Commercialisation of native rice for Indigenous enterprise development: Agronomy and value-adding

  • Bellairs, Sean (Principal Investigator/Chief Investigator A)
  • Wurm, Penny (Principal Investigator/Chief Investigator A)
  • Hoang, Thi My Linh (Co Investigator/Chief Investigator B)
  • Klaric, Stefanija (Principal Investigator/Chief Investigator A)

    Project: Research

    Project Details


    The Challenge
    Australian native rice grows in natural wetlands throughout the Northern Territory and Queensland. It is currently wild harvested for research purposes but only in very small quantities from crocodile infested environments using airboats. This harvest method cannot be implemented economically at scale.

    Project Aim
    The project aims to lay the foundations for commercialisation of Australian native rice as a high-value, low-volume, culturally-identified, nutritious food, especially for tourism, gourmet food and restaurant markets; and for value-added products.
    . The project will:
    • Collect samples of wild grown populations of three species of Australian native rices, Oryza meridionalis, O. rufipogon and O. australiensis, from wetlands in the NT and Queensland, for cultivation trials.
    • Investigate the agronomy of native rice under controlled conditions at NT Government research stations to develop and validate approaches to cultivate Australian native rice,
    • Scale-up native rice cultivation trials with CRC partner Indigenous enterprises in the NT and Queensland,
    • Analyse and compare nutritional values of the Australian and Canadian wild rice species,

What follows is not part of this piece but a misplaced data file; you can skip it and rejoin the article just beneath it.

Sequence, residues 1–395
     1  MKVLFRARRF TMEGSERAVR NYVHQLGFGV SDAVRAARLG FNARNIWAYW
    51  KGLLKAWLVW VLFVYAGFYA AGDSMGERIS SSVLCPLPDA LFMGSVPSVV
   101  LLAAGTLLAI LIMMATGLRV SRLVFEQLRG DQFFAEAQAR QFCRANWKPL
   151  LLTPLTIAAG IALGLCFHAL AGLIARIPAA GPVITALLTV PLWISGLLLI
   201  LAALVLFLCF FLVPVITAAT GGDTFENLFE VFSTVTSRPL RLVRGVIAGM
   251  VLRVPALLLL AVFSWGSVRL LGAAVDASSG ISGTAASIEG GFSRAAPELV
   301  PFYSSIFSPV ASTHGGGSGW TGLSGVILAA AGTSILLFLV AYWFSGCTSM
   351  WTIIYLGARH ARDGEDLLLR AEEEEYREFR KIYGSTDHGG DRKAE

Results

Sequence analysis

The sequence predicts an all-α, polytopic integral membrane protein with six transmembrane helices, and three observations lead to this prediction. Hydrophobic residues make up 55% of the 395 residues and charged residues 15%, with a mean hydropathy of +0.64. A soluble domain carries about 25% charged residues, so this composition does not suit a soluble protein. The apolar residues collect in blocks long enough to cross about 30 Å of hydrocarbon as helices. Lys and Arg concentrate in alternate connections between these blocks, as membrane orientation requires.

• Develop new milling techniques for native Australian rice and apply learnings from Canadian indigenous industry to commercialise wild rice as a gourmet/health food and inputs to nutritional supplements.

    The partnership
    The involvement of CRC partners, Pudakul Aboriginal Cultural Tours and Olive Vale Pastoral Pty Ltd demonstrates strong support for the project among Australian Indigenous enterprises and communities. Myera, an indigenous enterprise working with the Cree people in Manitoba, Canada, has successfully developed advanced cultivation techniques for Canadian native rice and supplies both mainstream and niche nutrition products in North America markets. The involvement of Myera adds a first nation collaboration dimension to the project with potential for indigenous bilateral trade partnerships. NT DPIR is making a substantial commitment in facilities and staff, has been conducting rice trials in the NT and has a Research Agronomist with more than 25 years of rice research experience. The university partners have been undertaking research on Australian native rice for over 25 years, including research into its ecology and undertaking,cooking trials and market surveys of tourists and restaurants with Pudakul.
    Effective start/end date1/04/2031/03/24


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